There are times when words simply cannot do justice to the enormity of events or to the depth of human emotion they can provoke.
Today, almost a week on from the tragedy of the Manchester bombing, I will try my best to express my feelings here.
Nothing that I say can properly convey the sense of grief, shock or sadness which has swept over so many people these last seven days.
It is a sadness that has enveloped communities the length and breadth of the UK, and no doubt far beyond, as the friends, families and colleagues of those who were lost try to reconcile themselves to the fact they will never see loved ones again.
The empty rooms, the missing place at the table, the birthdays and family celebrations that will now be forever missing someone at their centre – all of these things and more speak to the multiple human tragedies wrought by Manchester Arena attack.
My heart breaks for all of the families affected. And the collective sense of grief is only compounded by the fact that so many of those killed and injured were so young.
Who can honestly look at the picture of eight year-old Saffie Rose Roussos, the youngest of them all, without finding themselves close to tears?
And the tragedy has touched Scotland directly. The death of 14 year-old Eilidh MacLeod, from Barra, has left the island’s community bereft. My thoughts today remain with Eilidh’s family, and with the family of her friend Laura MacIntyre, who remains in hospital in Manchester.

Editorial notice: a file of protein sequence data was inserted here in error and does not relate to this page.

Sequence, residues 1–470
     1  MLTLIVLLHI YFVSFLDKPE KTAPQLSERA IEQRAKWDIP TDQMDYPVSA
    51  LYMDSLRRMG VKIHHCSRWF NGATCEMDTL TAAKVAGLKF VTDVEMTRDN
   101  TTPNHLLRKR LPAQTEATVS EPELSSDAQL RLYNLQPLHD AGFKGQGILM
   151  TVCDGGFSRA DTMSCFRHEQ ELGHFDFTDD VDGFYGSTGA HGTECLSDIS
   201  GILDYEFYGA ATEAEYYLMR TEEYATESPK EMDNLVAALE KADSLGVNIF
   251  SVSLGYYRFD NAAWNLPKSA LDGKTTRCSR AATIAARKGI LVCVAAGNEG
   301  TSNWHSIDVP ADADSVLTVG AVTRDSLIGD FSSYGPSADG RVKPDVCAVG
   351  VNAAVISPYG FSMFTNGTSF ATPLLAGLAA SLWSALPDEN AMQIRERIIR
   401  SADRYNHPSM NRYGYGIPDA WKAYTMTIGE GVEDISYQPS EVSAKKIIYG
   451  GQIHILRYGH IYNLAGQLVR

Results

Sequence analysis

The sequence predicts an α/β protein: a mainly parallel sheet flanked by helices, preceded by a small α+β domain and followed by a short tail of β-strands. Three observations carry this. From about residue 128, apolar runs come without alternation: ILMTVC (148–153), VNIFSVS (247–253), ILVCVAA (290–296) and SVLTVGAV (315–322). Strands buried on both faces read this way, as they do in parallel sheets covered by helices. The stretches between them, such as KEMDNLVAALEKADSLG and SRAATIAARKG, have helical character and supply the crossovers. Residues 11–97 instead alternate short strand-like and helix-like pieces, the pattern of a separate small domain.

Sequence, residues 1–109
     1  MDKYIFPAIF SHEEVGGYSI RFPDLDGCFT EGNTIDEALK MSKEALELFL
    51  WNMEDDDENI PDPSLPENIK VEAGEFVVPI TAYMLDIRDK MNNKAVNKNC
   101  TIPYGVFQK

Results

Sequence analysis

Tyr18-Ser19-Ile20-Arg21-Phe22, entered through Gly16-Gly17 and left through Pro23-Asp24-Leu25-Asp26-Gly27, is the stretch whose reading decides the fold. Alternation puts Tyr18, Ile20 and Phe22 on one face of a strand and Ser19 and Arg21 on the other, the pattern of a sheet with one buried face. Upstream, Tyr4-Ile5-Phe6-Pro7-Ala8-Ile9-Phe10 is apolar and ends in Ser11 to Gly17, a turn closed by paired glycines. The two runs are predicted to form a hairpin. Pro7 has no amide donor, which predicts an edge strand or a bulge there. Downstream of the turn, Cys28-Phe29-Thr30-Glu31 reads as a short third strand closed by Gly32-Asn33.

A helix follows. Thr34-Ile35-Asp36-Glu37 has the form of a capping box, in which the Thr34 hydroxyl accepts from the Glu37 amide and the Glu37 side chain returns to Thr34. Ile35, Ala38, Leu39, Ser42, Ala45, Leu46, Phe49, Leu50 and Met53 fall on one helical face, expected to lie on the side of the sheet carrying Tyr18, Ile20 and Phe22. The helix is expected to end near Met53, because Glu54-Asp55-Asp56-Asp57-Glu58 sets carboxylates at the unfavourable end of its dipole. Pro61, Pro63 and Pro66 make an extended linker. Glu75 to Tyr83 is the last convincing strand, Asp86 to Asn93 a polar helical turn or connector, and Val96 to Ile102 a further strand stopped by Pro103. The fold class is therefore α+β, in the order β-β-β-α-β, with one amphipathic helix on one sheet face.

Amid such heartbreak it seems almost indecent to turn our thoughts back to everyday life and in particular to the grind of a general election campaign.
But turn our thoughts to such things we must. Not least because the goal of those who carry out atrocities such as last week’s is to disrupt, divide and ultimately to destabilise democracy.
They will not succeed. But the free and fair elections we enjoy can very easily be taken for granted.
And so, this week, we must reaffirm our commitment to the democratic process. For me and my counterparts that means getting back on the campaign trail and making our respective cases to voters ahead of an election that is now just 10 days away.
That means you will hear some of the usual political soundbites, exchanges and brickbats. It is easy to dismiss those things as “just politicians droning on again” or to retort with the well-worn “they’re all the same anyway”.
But really, truly, the noise and bustle of the election campaign getting back to normal should be celebrated for the wonderful thing it is – the sound of a country electing its representatives and defending democracy itself.
Manchester now joins an unwanted list of cities blighted by terrorism in recent times – London, Nice, Paris and Berlin are just some of those who have suffered too.
And the core values we cherish as we look to make sure terror cannot triumph are not Scottish values, or British values, or European or Western values. They are fundamental human values.
This article originally appeared in the Daily Record.